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Russia helps Tajikistan resist penetrations by Islamic State militants from Afghanistan

April 08, 2015, 19:16 UTC+3 Alexandrova Lyudmila
© ITAR-TASS/Nozim Kalandarov

MOSCOW, April 8. /TASS/. The situation in Afghanistan poses a threat to Russia’s security largely because Islamic State groups, which have emerged there lately, make no secret of their intention to destabilize the situation in Central Asia, south of Russia’s borders, military experts say. Assistance to Tajikistan in strengthening its borders is central to Russia’s efforts to counter that challenge.

Russia is prepared to extend assistance to Tajikistan for the purpose of resisting new threats coming from Afghanistan, Foreign Minister Sergey Lavrov said at last Friday’s meeting of the Collective Security Treaty Organization foreign ministers in Tajikistan’s capital Dushanbe. He warned that the situation in Afghanistan was turning from bad to worse, as the extremist group calling itself Islamic State expanded its operations. Lavrov mentioned a pro-active campaign by IS emissaries for recruiting new members and warned that IS groups had repeatedly penetrated into Tajikistan already. He warned that the IS, in conjunction with its newly-discovered ally - the radically-minded members of the Taliban movement - was endangering peace in the whole of Central Asia.

Russian President Vladimir Putin back last year put the focus on the IS intention to expand its activities in Central Asia and to the CSTO’s task of resisting that threat and taking preventive measures, such as "financial and technical assistance to Tajikistan in upgrading its armed forces."

Of late, Russian media quoted a source at the General Staff as saying that Moscow had made a decision to extend 70 billion roubles (1.2 billion dollars) in military aid to Tajikistan. At the end of last year Russia’s 201st base in Tajikistan had been considerably reinforced with new military equipment. The strength of its personnel was built up.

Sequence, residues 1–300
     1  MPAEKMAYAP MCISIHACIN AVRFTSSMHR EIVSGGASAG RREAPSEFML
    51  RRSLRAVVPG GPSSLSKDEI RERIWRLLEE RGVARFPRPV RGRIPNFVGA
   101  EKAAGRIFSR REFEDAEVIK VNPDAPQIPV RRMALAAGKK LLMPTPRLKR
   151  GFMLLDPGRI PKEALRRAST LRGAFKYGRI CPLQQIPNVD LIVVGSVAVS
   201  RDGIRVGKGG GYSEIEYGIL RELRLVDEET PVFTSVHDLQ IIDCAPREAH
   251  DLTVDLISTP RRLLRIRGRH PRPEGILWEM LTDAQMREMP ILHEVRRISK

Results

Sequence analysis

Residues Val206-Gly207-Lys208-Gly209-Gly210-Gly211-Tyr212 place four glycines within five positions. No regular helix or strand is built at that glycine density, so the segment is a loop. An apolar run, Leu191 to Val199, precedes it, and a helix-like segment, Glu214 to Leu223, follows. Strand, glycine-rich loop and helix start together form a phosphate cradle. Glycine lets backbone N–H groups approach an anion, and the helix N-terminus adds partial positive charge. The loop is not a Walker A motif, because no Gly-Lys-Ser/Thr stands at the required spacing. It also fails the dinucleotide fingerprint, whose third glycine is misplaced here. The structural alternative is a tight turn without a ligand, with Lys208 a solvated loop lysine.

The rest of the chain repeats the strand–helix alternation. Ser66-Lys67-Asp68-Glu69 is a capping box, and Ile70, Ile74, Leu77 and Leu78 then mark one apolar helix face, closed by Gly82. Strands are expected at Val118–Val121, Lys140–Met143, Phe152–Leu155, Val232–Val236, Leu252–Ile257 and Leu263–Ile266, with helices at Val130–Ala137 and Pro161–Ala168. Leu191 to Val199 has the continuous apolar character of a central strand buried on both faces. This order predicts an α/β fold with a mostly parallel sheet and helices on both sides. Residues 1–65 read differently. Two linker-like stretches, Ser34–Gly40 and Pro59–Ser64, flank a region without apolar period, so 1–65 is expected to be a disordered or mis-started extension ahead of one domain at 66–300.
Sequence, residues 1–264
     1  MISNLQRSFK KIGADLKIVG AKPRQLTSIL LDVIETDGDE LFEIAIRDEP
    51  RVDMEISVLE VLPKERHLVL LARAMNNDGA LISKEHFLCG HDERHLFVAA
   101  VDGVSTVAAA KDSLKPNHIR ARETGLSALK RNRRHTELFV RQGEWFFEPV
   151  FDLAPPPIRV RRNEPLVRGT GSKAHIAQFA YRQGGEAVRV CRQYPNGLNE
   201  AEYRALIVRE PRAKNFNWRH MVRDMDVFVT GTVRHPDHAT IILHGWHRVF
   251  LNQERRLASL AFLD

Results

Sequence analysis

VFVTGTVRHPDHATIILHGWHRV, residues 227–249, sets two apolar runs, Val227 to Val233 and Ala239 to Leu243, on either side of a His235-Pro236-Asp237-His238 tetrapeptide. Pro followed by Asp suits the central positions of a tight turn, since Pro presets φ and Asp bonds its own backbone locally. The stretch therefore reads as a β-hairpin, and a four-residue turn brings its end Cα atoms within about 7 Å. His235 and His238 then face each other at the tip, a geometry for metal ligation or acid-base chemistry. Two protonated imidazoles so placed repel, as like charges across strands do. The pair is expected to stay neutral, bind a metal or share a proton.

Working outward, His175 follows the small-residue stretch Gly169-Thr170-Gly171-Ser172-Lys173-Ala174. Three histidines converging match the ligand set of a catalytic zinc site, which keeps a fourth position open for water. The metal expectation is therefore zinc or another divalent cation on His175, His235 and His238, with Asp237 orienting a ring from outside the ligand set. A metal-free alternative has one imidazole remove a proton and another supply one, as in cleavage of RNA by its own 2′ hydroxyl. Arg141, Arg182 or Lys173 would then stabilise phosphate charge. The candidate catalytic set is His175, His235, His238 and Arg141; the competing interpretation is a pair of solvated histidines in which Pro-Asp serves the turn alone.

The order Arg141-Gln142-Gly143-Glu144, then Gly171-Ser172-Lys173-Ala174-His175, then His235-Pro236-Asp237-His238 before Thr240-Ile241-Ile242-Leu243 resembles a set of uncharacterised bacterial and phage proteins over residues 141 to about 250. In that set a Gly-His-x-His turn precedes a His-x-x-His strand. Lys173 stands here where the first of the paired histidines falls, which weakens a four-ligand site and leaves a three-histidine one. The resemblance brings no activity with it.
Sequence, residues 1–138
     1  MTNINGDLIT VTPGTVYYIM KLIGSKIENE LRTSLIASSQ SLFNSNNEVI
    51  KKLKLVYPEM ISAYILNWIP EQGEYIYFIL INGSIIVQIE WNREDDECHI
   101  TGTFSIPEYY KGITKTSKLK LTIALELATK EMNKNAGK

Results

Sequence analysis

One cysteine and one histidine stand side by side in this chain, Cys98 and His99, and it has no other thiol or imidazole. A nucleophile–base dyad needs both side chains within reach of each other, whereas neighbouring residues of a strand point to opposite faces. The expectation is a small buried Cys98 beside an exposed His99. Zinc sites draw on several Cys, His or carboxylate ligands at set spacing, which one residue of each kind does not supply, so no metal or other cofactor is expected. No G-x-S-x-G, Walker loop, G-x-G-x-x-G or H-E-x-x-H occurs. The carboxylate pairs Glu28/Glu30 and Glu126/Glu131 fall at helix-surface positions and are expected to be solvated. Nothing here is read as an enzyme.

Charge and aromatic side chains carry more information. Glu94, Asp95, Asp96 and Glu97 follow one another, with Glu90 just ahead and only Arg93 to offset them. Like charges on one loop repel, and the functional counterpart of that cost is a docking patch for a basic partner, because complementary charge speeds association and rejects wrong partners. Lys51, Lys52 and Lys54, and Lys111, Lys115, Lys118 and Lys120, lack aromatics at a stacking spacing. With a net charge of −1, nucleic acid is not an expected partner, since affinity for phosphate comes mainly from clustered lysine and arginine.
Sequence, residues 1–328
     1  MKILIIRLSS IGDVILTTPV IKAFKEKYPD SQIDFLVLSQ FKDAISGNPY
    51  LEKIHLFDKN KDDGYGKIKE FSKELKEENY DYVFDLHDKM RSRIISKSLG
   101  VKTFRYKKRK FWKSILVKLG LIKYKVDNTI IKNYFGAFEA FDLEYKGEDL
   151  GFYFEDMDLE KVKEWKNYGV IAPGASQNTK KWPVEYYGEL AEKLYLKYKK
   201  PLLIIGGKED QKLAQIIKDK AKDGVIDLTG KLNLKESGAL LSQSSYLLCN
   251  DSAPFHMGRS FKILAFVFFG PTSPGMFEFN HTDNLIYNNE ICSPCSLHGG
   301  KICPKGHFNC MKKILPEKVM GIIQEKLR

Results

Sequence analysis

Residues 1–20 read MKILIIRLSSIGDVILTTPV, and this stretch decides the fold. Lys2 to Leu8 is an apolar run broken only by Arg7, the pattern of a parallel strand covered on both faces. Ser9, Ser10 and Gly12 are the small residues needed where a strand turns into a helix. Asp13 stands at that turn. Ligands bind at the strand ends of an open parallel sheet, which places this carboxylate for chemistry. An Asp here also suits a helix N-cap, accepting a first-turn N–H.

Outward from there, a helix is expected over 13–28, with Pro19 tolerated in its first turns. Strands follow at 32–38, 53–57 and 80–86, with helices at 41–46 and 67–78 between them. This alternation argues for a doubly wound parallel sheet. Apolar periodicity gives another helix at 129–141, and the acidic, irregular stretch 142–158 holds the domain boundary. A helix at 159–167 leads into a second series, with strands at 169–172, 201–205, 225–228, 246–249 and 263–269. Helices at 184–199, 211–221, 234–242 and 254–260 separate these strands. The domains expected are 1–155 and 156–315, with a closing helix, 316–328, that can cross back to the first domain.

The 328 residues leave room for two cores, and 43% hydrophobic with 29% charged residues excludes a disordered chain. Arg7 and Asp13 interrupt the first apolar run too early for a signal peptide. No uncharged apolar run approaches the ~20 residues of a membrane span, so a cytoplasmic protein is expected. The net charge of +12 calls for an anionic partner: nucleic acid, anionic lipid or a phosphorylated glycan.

Tajikistan is getting ready in earnest to repel a likely intrusion: in the middle of last March the country hosted a major military exercise, unprecedented in the territory of a not very big country. The exercise was held along the 1,300-kilometer border with Afghanistan and in the whole of Khatlon Region. The exercise involved 50,000 men. Since last February the Tajik border guards have considerably tightened security along the state border.

"Taliban militants are gathering forces in northern Afghanistan. There have been confirmations of this from reliable sources," the Svobodnaya Pressa (Free Press) portal quotes Russia’s ambassador in Tajikistan, Igor Lyakin-Frolov, as saying. "There has been evidence Islamic State cells have cropped up in the region."

"For Russia the risk of destabilization in Central Asia is fraught with creeping extremism and terrorism. With the reduction of Western coalition’s presence in Afghanistan that threat has soared," the director of the Centre for Modern Afghan Studies, Omar Nessar, has told TASS. "A surge in drug trafficking may be another side effect."

Nessar believes that the Taliban as such does not pose a threat to countries in Central Asia, as the chances of getting support from the local population are close to zero. However, among them there are certain groups that of late developed a drift towards the Islamic State and vowed allegiance to it. Some of them have links with the Islamic Movement of Uzbekistan. Their strength in the north of Afghanistan grew noticeably in recent months. Also, there are some such groups in the south.

"Russia made up its mind to avoid direct involvement in the conflict inside Afghanistan a long time ago. Extending assistance to Tajikistan in reinforcing its borders is the most effective policy of all at the moment," Nessar said.

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